The Texas Association of Realtors reports home values in North Texas are up nearly 9 percent over this time last year. Though the economy is booming, Rev. Gerald Britt of CitySquare says that growth is leaving out folks who are barely making ends meet.
Interview Highlights: Gerald Britt…
…On the ability for minimum wage workers to afford rent:
"Minimum wage or less, it’s almost impossible. The average rent in Dallas is over $1,000, so you can’t afford that on minimum wage. The challenge that we have is to create more affordable housing options for low-income people and to make it possible to at least have a roof over their head."
…On what’s considered affordable housing:
“It’s generally defined as at least if not less than one-third of a person’s monthly income. People in poverty spend up to 72 percent of their income on housing, while those of us who are middle income spend about 12 percent and I think those classified as rich spend about 7 percent. That’s the discrepancy that we have. You’re spending an enormous amount of money on housing, the less money you make.”
…On the city of Dallas' efforts to tackle affordable housing:
“On the surface, GrowSouth, NeighborUp, Neighborhood Plus have all done an excellent job of analyzing the problem. The challenge is making it real, and Dallas has to realize you can’t do this on the cheap. It’s expensive to live in poverty, and the city has to realize that.”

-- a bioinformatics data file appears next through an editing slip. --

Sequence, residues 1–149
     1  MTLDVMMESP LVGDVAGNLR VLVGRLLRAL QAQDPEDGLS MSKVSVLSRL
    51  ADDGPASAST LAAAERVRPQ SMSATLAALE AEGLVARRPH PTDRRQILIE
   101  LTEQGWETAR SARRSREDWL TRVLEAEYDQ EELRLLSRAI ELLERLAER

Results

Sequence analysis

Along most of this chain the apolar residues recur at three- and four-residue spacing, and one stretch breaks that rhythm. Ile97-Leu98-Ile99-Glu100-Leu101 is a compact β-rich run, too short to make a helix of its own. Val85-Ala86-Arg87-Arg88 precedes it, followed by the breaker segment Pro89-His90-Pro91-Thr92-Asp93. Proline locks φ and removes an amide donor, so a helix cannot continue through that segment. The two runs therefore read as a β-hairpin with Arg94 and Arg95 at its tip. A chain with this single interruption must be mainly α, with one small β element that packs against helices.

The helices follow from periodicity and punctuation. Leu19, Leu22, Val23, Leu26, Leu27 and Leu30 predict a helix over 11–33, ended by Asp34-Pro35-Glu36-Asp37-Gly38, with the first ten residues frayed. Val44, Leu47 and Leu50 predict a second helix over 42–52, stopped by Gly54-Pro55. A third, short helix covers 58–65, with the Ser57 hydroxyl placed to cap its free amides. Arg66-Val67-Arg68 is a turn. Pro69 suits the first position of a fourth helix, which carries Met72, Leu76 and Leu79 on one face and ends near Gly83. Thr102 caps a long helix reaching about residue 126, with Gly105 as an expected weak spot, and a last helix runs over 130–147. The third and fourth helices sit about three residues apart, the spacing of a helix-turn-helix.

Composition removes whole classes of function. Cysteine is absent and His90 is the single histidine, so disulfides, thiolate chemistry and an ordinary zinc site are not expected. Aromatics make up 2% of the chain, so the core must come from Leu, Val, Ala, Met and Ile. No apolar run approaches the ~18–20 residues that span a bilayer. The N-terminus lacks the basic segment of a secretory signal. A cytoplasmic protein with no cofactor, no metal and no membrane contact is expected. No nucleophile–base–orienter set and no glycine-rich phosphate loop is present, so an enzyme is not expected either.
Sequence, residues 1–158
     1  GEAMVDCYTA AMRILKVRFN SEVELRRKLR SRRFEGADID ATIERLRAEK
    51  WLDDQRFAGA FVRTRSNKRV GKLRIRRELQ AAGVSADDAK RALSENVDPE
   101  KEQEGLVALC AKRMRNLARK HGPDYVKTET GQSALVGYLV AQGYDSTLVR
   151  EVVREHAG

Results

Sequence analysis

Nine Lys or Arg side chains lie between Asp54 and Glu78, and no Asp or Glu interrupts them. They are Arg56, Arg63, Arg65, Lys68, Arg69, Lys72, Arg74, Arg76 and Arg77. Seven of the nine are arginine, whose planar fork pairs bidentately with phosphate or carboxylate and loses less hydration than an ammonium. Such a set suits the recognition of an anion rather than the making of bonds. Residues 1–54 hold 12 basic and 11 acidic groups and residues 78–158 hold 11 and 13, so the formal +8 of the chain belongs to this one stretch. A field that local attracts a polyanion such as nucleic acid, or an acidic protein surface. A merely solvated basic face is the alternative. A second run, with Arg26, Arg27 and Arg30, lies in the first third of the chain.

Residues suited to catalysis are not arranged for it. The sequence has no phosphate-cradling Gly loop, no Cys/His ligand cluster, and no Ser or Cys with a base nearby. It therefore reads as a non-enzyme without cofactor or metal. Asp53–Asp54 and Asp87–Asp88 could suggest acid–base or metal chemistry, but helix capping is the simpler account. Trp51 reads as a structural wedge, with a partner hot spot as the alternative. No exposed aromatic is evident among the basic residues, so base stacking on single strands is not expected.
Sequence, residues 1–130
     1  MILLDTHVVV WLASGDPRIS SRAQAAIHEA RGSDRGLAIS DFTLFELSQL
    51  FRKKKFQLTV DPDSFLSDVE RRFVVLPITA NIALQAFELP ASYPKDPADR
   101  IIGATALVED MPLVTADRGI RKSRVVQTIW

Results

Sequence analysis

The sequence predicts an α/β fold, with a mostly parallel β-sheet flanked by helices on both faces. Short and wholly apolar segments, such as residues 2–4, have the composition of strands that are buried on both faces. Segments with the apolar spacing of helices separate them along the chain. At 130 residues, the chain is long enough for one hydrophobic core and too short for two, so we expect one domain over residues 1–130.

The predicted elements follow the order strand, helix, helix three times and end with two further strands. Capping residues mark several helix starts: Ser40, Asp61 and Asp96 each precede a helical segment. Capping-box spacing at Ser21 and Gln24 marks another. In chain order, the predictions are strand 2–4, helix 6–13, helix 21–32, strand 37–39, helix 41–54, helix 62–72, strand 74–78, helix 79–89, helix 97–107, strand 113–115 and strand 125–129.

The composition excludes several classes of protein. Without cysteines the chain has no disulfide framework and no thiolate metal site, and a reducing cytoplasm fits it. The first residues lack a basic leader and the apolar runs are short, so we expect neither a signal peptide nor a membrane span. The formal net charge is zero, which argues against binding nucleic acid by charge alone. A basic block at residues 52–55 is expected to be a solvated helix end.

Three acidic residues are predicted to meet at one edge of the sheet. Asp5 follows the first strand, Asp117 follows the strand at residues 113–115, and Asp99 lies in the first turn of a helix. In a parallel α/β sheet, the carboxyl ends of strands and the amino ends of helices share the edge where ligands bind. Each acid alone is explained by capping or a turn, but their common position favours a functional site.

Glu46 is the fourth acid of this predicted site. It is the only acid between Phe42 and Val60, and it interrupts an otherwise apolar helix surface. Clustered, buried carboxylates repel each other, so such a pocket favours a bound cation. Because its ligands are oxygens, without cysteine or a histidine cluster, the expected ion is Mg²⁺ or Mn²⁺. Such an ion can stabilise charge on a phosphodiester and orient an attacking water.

…On whether governments or developers need to take responsibility for creating affordable housing:
“I think it starts with just about all of us. A comprehensive solution has to take the engagement of every system that heretofore, quite frankly, [has] taken advantage of the poor. We all have a part to play, and I hope everyone understands we all have to have some sort of skin in the game in order to end this scourge.’”
Gerald Britt will be part of a Dallas Architecture Forum panel discussion called “Economics and Architecture” on May 10 at 6:30 p.m. It will be at the Dallas Center for Architecture.
Other panelists will include Dallas City council member Scott Griggs, UT-Arlington Associate Professor Maria Martinez-Cosio and UT-Arlington Assistant Professor of Planning Shima Hamidi.